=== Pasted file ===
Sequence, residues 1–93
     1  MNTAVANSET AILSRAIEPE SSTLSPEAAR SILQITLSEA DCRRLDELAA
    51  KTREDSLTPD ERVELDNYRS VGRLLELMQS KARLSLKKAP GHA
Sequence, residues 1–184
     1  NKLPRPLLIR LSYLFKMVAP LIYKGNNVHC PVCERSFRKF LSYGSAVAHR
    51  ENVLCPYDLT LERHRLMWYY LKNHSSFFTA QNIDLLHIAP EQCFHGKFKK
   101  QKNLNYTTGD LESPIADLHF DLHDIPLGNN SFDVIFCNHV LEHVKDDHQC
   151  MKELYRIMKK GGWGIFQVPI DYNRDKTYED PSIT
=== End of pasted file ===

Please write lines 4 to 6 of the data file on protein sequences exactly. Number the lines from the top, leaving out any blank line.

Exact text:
Sequence, residues 1–184
     1  NKLPRPLLIR LSYLFKMVAP LIYKGNNVHC PVCERSFRKF LSYGSAVAHR
    51  ENVLCPYDLT LERHRLMWYY LKNHSSFFTA QNIDLLHIAP EQCFHGKFKK